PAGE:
Injured trumpeter swan rescued near Penticton | iNFOnews | Thompson-Okanagan's News Source

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Injured trumpeter swan rescued near Penticton

Brandi Hansen rescued a trumpeter swan on Green Mountain Road near Penticton.
Image Credit: SUBMITTED/ Brandi Hansen

A Penticton resident came across something unusual on a road in the Apex Mountain Resort area last last week, an injured trumpeter swan.

Brandi Hansen, a technician with the BC Search and Rescue Association, immediately pulled over to check on the bird.

“He (the swan) was standing in the middle of the road and had blood on its right side,” she said. “The bill looked like it had road rash on it so I’m pretty confident he was hit by a vehicle.”

Hansen said the swan was hissing as she approached, but didn’t fly away, an indication something was wrong. When she went back to the vehicle to retrieve a blanket, the swan followed her.

“Over the years I’ve seen injured animals and if they are following you they need help,” she said.

When she brought the blanket out, the swan backed away. She waited until it had its back to her and threw the blanket on it, and it relaxed. She checked to make sure the bird’s breathing was good, tucked it in and put it in her Jeep. She said she started calling around for a place to take the swan in for care, and the Penticton SPCA responded immediately.

“They said to bring him there and the vet came out and was so gentle with him, it was incredible,” Hansen said. “I was really impressed, it filled my heart.”

Penticton resident Brandi Hansen rescuing an injured Trumpeter swan on Green Mountain Road.
Penticton resident Brandi Hansen rescuing an injured Trumpeter swan on Green Mountain Road.
Image Credit: SUBMITTED/ Brandi Hansen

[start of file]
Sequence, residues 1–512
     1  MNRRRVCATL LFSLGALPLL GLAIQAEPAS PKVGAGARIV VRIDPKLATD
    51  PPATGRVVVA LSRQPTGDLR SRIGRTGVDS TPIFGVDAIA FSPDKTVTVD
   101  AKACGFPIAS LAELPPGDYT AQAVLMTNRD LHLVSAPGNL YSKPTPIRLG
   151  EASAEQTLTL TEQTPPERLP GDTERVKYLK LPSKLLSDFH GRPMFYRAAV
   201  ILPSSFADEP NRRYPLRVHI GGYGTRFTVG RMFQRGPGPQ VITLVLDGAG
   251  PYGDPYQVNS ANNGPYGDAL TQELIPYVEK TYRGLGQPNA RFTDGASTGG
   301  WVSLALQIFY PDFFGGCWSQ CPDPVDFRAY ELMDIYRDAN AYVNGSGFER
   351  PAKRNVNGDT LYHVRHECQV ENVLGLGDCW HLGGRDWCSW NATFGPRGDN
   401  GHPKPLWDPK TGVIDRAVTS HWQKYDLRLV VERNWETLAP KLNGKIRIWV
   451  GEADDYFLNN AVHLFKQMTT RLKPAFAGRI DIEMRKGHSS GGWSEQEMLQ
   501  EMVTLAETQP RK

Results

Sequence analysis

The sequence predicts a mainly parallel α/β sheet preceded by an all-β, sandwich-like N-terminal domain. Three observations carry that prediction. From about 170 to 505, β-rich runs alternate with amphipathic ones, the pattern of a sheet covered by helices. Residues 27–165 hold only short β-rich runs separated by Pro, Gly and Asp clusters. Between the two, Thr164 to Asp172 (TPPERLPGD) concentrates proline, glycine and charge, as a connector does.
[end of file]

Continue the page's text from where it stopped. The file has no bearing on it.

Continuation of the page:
The bird was transferred to the Interior Wildlife Rehabilitation Society in Summerland and remains in their care.

Hansen doesn’t know why the bird was found alone and injured on Green Mountain Road.

“The rehab centre said he is a juvenile, about seven kilograms,” she said. “I don’t think he has a partner. When I drive in that area I see a lot of wildlife but this snow white swan was a shocking sight.”

Hansen wants to shine a light on the hard work animal and wildlife organizations are doing in the south Okanagan and she’s hoping more people will report injured animals when they see them, even if they’re not comfortable approaching them.

“We have a lot of birds in the Okanagan so to have these resources responding and taking in injured birds and waterfowl is amazing, and they were wonderful to deal with,” she said. “If we want to continue to have this we have to come together and help out, either by volunteering time or donating funds. This kind of work comes from the heart.”

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Trumpeter swans are protected by the Migratory Birds Convention Act in Canada. The bird once lived across North America but due to Europeans hunting them, were reduced to 77 breeding birds in Canada in 1933, according to the Canadian Wildlife Federation.

Because of international conservation efforts there are about 16,000 trumpeter swans in North American and they aren't considered at risk for extinction. The biggest threat to the swans is loss of habitat and other human-caused problems like collisions with vehicles and transmission lines.

The Interior Wildlife Rehabilitation Society, established in Summerland in 2020, rehabilitates injured and orphaned wildlife and takes in animals through referrals from SPCA branches and veterinarians throughout the Okanagan.

READ MORE: Canada goose found in Vernon stuck with a hunting arrow

Hansen said the injured swan she found is recovering but couldn’t provide specific medical details. The Interior Wildlife Rehabilitation Society did not respond to iNFOnews in time for publication.

"When this trumpeter swan was found, the animal was very quiet and had bloody feathers on its chest and abdomen," reads a Facebook post by the society posted May 21. "A two inch laceration wound was taken care of and recovery is going well."

Go here to for more information, to volunteer or donate.

To contact a reporter for this story, email Shannon Ainslie or call 250-819-6089 or email the editor. You can also submit photos, videos or news tips to the newsroom and be entered to win a monthly prize draw.

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